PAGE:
Father settles court action over death of his wife and newborn son at Cork University Maternity Hospital 

CUMH said it was 'truly sorry' in an apology read in court. 
Father settles court action over death of his wife and newborn son at Cork University Maternity Hospital 

Marie Downey holding her newborn son Darragh in the hospital bed in CUMH on March 23, 2019, the day after he was born. Kieran Downey holds his son, Sean, while James, right, pats the head of his new baby brother. It is the only family photograph of all five together. Marie died two days later. Darragh died 33 hours later.

Cork University Maternity Hospital has apologised and said it is “truly sorry” after a mother died when she fell out of a bed while breast-feeding and her new born baby suffocated under her.

Marie Downey broke her neck in the fall three days after giving birth to her third child, a son, Darragh.

The Downey family counsel, Dr John O’Mahony SC with Doireann O’Mahony Bl, told the High Court this was a monumentally sad and profoundly tragic and heart-breaking case where baby Darragh suffocated under his mother.

He said when Ms Downey was removed from the ground in her hospital room and her baby was found suffocated, baby Darragh fought bravely for life but died the next day at just four days old after suffering an irreversible brain injury, counsel said.

The apology came as Marie Downey’s husband Kieran from Limerick settled a High Court action over the deaths of his wife and son.

The hospital, in a letter of apology read to the court, said it was “truly sorry” and unreservedly apologised to Kieran Downey and family.

In the letter, Cork University Maternity Hospital said it would like to apologise unreservedly to Mr Downey his sons James, 8, and Sean, 5, and the extended family “for the events that occurred while Marie and Darragh were under the care of CUMH which resulted in the tragic loss of their lives in March 2019".

The letter added: “We cannot possibly comprehend the devastating impact these losses have had on you, James and Sean.

"On behalf of the staff of CUMH, especially those who were involved in the care of Marie and baby Darragh, we are truly sorry and wish to express our deepest sympathies and regret.” 

A life-changing episode 

Dr John O’Mahony told the court it was “ a life changing tragic episode for the Downey family”.

"They are going to live with this for the rest of their lives,” he added.

Mr Downey, it was claimed, was rocked to the core when his newborn son was found on the hospital floor with his dead mother partially on top of him.

Counsel said the 35-year-old mother, who was known to have epilepsy, was breastfeeding when she fell from the bed.

“Marie fell from the bed on top of Baby Darragh. It is tragic on what was supposed to be a joyous occasion for the family, looking forward to the third addition to their family,” he said.

Kieran Downey, 40, Knockanevin, Kilmallock, Co Limerick, had sued the HSE over the death of his wife and four-day-old baby. He also brought an action for nervous shock.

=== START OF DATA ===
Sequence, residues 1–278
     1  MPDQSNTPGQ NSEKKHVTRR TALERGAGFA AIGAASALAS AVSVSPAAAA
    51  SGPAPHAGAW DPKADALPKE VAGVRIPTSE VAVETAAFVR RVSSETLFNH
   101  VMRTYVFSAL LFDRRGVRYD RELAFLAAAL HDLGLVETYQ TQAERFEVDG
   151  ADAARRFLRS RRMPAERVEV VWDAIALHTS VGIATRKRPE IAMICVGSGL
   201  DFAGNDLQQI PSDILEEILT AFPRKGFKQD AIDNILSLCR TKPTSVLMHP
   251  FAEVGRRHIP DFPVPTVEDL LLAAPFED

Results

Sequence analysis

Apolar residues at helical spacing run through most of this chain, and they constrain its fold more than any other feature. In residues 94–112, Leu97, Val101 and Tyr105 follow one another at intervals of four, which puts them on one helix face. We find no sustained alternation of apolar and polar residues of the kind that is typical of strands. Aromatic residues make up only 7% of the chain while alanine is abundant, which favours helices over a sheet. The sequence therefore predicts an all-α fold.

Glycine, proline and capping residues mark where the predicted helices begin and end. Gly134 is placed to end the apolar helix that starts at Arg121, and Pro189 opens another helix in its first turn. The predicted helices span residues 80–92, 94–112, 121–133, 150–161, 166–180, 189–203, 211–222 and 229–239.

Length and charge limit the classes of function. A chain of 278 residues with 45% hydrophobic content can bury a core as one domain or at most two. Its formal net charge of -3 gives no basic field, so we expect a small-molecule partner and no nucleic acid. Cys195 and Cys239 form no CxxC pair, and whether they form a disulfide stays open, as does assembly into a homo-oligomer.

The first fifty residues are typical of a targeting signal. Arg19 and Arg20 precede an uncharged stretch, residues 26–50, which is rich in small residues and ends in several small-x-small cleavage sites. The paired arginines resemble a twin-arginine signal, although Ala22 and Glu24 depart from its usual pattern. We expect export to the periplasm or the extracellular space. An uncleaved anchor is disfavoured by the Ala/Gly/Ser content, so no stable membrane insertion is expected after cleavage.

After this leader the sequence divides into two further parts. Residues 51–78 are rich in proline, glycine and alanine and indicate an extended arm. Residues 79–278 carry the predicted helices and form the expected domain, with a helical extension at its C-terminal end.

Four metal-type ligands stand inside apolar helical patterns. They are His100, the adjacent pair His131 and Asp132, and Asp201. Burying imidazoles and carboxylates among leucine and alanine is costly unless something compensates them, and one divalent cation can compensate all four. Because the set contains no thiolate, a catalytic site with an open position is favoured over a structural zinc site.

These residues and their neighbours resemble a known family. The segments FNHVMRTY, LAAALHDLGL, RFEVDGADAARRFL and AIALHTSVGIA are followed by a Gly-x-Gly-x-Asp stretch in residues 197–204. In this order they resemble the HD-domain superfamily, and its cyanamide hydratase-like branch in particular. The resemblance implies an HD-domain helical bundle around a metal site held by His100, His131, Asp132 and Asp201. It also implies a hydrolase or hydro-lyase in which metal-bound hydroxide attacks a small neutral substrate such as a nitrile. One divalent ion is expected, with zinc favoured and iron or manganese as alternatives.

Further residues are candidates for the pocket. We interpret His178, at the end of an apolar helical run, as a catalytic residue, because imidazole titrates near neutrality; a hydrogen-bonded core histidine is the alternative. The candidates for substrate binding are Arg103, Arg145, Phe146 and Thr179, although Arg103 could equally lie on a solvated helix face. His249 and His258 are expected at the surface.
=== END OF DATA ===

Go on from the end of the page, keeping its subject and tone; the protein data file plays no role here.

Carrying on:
Baby Darragh, the Downeys' third child, was born on March 22, 2019, weighing 3.76kg and was in excellent condition. The third stage of labour, it was claimed, was complicated by postpartum haemorrhage, excessive bleeding and it was claimed Ms. Downey lost half of her circulating blood volume.

There was, it was claimed, a failure to intervene in circumstances where intervention was clearly warranted and a failure to appreciate that the loss of that amount of blood would have been sufficient to cause the mother to feel exhausted, fatigued, and tired, which were known to be the triggers for seizures in her case.

Ms Downey was allowed to stay unobserved in a single room when breastfeeding and no attention was paid to safety measures such as the provision of cot sides, it was claimed.

There was also a failure to appreciate that the mother should not have been accommodated in a single room except in circumstances where there would be continuous observation by a carer.

The decision to place Ms Downey in a single room without supervision was an ultimately fatal decision, it was contended, and there was a failure to recognise that breastfeeding would be a potentially dangerous time for any mother with a history of postnatal seizures.

There was, it was submitted, a failure to pay heed to the fact that Ms Downey herself had warned of the dangers of her seizing while breastfeeding unsupervised, and a failure to adequately monitor the mother while she was breastfeeding alone in a single room.

HSE admits breach of duty 

The HSE admitted negligence and breach of duty.

A post-mortem on Ms Downey reported she died of a broken neck following a fall three days after she gave birth and secondary to epilepsy.

The post-mortem on Baby Darragh showed findings consistent with the baby being compressed beneath his mother and the floor.

Approving the settlement, Mr Justice Paul Coffey extended his deepest sympathy to Kieran Downey and family.

He said nothing could prepare them for this extraordinary tragedy and it was hard to imagine the tragedy that occurred. 

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